CLYDEBANK’S domestic abuse charity and police have urged older women facing controlling behaviour from their partners to reach out for help.

Clydebank Women’s Aid (CWA) and detectives tackling abusive relationships and supporting survivors said it was likely there were women who had lived with isolation and control for “years and years”.

The leading charity, who have created an animated film on coercive control since it became a crime earlier this year, said isolation is often a tactic used by abusers to gain total control over a partner.

They told the Post: “The insidious and gradual process of isolating women from their friends, family and other loved ones is subtle, and may not be as obvious as we think.

“Isolation is a form of coercive control, which is now recognised as a form of domestic abuse and is against the law.

“The abuser may say or do things like, ‘Your family doesn’t like me’, ‘Your friends aren’t nice people’, ‘They are trying to come between us’, or engineer arguments to manipulate their partner into believing the only person they can rely on is them.

“This makes their partner feel like they are the only person who loves or cares about them, leaving them with no one to talk to.

“This isolation allows abusers to enact other forms of abuse such as withholding money, benefits or forcing their partner to leave their job; withholding health care when ill or after an assault.”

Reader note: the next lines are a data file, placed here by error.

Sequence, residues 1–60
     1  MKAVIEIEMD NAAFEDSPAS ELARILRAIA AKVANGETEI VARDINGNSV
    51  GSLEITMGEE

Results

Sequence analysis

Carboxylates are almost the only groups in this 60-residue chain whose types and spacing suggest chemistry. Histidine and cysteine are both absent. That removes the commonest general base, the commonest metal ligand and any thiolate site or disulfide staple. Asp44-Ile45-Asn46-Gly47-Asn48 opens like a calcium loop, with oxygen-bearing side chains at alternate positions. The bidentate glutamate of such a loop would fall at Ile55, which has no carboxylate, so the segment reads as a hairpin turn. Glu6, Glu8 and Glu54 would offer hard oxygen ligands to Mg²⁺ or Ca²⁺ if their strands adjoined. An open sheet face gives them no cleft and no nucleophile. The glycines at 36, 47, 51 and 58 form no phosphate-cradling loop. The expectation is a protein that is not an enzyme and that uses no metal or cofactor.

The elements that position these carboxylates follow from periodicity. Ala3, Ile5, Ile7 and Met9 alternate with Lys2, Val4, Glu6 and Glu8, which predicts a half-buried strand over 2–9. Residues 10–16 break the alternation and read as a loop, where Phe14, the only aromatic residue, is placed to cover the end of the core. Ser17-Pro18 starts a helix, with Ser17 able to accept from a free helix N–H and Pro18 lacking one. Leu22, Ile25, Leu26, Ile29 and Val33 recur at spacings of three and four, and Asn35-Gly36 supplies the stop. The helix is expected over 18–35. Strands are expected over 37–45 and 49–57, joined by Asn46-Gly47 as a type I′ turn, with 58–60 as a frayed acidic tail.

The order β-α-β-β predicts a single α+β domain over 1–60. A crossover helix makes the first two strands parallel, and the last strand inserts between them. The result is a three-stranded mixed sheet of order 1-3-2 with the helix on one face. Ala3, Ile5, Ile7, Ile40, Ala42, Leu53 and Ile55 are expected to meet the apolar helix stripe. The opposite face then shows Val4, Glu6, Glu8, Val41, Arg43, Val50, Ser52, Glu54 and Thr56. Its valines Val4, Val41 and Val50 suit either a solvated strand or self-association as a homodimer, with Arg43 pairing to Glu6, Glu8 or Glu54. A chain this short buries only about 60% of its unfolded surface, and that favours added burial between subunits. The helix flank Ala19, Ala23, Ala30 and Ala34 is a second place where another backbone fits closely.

Read more: Hundreds of crimes recorded under new domestic abuse law

The charity continued: “This can lead to total powerlessness, relying completely on their abuser for even the most basic of needs such as contacting doctors, or other health care providers – this is degrading and humiliating.

“The abuser may also make threats towards them and their loved ones as part of the abuse, so they may not feel like they are able to get in contact with their loved ones for their safety.”

Detective Inspector Scott Hamilton, of Clydebank CID, said controlling behaviour often means the removal of friends and family from a partner’s life.

He said: “That controlling behaviour is not acceptable to anybody these days and we will take action.

“I think an older generation is sometimes forgotten about when talking about domestic abuse. Some will have been subjected to controlling behaviour for years and years – probably well before we knew what it was.

“Are there women out there who think that’s the norm? We have to tell them it’s not. Irrespective of your age or who you are, we will take action.”

CWA said isolation is a particular worry in older members of the community – and an abuser could take advantage of that vulnerability.

They added: “It’s important to remember that isolation is not only an issue that effects the older population, every woman who has experienced domestic abuse has, and will continue to feel, isolated.

“After fleeing, women have to repair these relationships that have been broken by their abuser, and in some cases women flee to areas where they have no connections in order to be safe.”

If this behaviour sounds familiar, call CWA for support on 0141 952 8118 or police on 101. View the coercive control animations at